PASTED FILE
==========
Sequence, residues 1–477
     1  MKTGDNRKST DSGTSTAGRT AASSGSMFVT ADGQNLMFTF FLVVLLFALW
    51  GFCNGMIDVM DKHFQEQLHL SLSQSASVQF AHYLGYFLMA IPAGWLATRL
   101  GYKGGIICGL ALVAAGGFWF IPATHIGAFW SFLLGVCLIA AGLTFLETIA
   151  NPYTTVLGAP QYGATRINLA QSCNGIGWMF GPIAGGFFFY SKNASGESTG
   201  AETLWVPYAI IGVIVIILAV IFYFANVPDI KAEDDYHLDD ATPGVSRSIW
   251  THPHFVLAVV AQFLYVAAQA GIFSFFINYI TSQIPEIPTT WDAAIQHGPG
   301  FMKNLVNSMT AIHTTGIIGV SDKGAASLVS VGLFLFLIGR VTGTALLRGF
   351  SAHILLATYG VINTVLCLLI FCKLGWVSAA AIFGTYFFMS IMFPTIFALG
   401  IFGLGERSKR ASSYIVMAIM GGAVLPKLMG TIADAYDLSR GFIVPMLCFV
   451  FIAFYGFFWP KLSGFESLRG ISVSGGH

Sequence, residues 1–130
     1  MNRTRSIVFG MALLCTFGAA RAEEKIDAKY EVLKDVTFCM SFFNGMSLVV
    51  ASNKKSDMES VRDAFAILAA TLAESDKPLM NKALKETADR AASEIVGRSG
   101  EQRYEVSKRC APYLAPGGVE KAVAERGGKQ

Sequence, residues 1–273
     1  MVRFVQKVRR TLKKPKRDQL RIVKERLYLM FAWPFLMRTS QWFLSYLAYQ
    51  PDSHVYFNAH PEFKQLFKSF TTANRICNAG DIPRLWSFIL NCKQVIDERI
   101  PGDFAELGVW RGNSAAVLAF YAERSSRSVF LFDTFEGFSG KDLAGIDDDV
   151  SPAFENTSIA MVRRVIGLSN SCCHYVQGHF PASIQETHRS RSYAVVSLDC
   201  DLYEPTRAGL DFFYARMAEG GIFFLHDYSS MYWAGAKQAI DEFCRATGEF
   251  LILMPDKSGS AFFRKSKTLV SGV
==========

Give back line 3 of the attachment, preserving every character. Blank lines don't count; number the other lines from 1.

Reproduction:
    51  GFCNGMIDVM DKHFQEQLHL SLSQSASVQF AHYLGYFLMA IPAGWLATRL